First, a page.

OSLO, April 7 (Reuters) - Norway’s Telenor has sold a four-percent stake in Amsterdam-based mobile network operator Veon for $259 million as part of an ongoing campaign to cut all ownership ties to the firm formerly known as Vimpelcom.
After years of conflict between Telenor and Veon’s biggest owner, Russian billionaire Mikhail Fridman, Telenor decided in September 2015 to sell all shares in the firm.
In the transaction lead by Citigroup and Morgan Stanley on Friday, Telenor sold 70 million Veon shares at a price of $3.75 each.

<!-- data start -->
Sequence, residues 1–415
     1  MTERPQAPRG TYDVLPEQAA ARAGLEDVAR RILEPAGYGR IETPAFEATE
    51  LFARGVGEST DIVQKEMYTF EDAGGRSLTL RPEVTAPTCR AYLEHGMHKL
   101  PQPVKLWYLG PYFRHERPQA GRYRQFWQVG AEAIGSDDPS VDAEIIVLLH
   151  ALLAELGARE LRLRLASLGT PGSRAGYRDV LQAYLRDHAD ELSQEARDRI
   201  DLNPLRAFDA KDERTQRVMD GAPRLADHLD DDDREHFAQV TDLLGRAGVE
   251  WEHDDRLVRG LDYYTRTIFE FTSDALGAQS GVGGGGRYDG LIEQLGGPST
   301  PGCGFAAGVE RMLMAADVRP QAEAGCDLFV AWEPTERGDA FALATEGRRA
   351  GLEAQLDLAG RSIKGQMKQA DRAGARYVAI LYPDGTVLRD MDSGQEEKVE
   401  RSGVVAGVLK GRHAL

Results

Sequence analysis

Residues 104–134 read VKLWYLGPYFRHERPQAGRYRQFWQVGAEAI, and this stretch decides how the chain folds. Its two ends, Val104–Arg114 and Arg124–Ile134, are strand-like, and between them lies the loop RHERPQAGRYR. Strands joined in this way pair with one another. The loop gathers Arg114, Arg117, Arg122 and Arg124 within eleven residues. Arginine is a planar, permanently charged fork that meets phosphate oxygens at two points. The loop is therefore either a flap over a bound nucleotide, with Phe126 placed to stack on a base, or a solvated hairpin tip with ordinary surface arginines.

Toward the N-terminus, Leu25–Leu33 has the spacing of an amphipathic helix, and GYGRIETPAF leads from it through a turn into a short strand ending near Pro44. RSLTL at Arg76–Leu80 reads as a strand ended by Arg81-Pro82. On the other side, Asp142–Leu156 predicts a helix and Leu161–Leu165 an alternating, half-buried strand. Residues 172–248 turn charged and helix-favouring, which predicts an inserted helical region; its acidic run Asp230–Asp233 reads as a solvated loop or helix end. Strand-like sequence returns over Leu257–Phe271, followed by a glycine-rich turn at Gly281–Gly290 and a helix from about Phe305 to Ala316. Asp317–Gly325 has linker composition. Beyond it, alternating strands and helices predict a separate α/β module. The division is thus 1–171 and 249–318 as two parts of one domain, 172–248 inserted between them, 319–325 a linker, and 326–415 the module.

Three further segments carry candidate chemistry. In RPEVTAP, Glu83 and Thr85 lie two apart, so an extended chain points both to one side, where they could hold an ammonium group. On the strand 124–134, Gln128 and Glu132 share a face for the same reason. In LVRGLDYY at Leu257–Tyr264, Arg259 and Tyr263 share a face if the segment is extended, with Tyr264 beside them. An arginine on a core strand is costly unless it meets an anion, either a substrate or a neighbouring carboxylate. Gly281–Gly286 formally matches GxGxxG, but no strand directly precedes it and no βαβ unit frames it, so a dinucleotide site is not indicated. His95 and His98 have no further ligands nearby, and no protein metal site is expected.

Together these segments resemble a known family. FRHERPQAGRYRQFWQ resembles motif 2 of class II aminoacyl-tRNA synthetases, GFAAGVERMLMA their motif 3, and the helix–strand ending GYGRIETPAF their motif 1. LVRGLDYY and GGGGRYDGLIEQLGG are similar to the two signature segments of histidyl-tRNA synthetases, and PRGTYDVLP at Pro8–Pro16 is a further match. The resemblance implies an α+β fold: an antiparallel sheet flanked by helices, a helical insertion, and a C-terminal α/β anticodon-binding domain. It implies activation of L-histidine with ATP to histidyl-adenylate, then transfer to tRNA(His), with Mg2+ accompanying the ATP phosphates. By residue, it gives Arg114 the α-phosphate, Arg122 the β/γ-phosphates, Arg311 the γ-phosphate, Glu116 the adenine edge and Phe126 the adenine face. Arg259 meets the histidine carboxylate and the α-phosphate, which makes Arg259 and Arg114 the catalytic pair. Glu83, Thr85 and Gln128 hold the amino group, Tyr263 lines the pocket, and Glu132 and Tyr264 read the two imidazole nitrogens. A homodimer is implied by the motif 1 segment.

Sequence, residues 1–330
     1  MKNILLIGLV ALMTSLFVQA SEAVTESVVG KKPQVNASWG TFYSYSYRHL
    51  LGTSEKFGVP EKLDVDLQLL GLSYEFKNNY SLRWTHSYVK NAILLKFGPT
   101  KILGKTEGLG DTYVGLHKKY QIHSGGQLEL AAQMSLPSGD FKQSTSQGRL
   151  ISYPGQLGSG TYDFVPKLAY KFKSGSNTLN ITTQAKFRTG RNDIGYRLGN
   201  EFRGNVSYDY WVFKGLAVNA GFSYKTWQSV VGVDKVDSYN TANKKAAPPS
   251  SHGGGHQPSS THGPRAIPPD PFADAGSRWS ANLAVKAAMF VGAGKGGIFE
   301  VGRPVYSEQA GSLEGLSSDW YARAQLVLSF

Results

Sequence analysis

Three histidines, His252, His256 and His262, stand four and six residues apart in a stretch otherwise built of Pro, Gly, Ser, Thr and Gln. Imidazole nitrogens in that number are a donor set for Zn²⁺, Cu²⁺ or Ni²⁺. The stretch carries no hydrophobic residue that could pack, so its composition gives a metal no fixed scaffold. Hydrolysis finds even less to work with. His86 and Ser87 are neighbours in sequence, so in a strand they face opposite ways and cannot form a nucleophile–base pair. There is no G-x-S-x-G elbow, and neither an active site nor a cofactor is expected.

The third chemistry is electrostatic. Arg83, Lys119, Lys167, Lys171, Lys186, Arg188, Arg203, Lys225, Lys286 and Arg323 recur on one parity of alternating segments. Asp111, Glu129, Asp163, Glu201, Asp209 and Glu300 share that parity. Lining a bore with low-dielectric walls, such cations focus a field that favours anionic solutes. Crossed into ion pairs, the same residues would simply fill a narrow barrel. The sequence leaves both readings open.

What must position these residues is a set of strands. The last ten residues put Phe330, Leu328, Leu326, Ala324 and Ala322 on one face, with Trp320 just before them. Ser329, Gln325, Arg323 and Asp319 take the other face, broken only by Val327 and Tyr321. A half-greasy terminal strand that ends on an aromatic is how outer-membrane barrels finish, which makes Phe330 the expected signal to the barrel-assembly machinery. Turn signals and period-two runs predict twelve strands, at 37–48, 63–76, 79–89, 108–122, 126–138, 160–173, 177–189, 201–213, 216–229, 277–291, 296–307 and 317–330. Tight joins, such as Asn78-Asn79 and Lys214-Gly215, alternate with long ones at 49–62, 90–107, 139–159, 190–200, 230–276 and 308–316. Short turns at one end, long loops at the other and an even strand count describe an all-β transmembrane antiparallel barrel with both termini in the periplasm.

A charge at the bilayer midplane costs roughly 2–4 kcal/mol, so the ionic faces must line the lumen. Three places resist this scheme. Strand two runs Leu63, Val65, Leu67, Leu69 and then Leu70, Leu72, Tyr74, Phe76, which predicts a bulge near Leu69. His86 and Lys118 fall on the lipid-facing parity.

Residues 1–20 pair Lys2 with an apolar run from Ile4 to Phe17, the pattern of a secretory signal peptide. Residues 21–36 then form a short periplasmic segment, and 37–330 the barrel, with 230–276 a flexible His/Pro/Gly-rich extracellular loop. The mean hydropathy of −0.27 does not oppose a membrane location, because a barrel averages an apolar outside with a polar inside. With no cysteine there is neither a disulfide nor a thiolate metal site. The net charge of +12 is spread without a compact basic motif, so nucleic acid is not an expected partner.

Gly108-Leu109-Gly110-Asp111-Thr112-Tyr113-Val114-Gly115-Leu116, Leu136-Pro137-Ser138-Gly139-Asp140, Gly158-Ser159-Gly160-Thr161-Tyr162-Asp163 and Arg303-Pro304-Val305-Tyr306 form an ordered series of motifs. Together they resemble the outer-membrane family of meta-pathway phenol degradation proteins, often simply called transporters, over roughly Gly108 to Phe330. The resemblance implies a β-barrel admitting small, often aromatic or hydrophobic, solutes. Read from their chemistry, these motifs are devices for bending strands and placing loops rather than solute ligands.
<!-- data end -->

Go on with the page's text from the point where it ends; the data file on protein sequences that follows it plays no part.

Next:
“This is another step in the process to sell our Veon shares,” a Telenor spokesman told Reuters.
Following the sale, Telenor owns 346.7 million Veon shares, equal to 19.7 percent, including shares tied to an exchangeable bond which commits Telenor to deliver Veon shares worth $1 billion when it falls due in 2019.
Telenor’s remaining 346.8 million Veon shares are currently worth around $1.3 billion, and if the value drops below $1 billion when the bond expires it must pay the remaining amount in cash.
Telenor now faces a 60-day lockup period but would be free to sell more Veon shares after that, the spokesman said. (Reporting by Ole Petter Skonnord, editing by Terje Solsvik)